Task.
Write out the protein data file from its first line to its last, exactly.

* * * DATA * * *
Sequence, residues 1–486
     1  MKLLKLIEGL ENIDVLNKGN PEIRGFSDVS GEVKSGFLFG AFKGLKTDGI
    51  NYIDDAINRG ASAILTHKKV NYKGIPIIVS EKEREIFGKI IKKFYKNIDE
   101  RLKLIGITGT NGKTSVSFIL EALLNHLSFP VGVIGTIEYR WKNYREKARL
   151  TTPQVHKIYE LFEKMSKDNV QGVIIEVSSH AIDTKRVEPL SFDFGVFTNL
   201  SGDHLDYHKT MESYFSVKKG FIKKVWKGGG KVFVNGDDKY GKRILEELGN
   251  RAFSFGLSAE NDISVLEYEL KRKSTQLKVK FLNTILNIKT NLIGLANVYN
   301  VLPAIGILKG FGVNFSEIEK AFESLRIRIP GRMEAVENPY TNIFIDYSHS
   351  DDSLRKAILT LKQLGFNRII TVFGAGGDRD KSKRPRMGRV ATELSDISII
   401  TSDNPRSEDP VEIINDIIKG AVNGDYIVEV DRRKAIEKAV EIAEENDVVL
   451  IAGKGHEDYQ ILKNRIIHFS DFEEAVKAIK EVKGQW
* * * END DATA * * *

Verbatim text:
Sequence, residues 1–486
     1  MKLLKLIEGL ENIDVLNKGN PEIRGFSDVS GEVKSGFLFG AFKGLKTDGI
    51  NYIDDAINRG ASAILTHKKV NYKGIPIIVS EKEREIFGKI IKKFYKNIDE
   101  RLKLIGITGT NGKTSVSFIL EALLNHLSFP VGVIGTIEYR WKNYREKARL
   151  TTPQVHKIYE LFEKMSKDNV QGVIIEVSSH AIDTKRVEPL SFDFGVFTNL
   201  SGDHLDYHKT MESYFSVKKG FIKKVWKGGG KVFVNGDDKY GKRILEELGN
   251  RAFSFGLSAE NDISVLEYEL KRKSTQLKVK FLNTILNIKT NLIGLANVYN
   301  VLPAIGILKG FGVNFSEIEK AFESLRIRIP GRMEAVENPY TNIFIDYSHS
   351  DDSLRKAILT LKQLGFNRII TVFGAGGDRD KSKRPRMGRV ATELSDISII
   401  TSDNPRSEDP VEIINDIIKG AVNGDYIVEV DRRKAIEKAV EIAEENDVVL
   451  IAGKGHEDYQ ILKNRIIHFS DFEEAVKAIK EVKGQW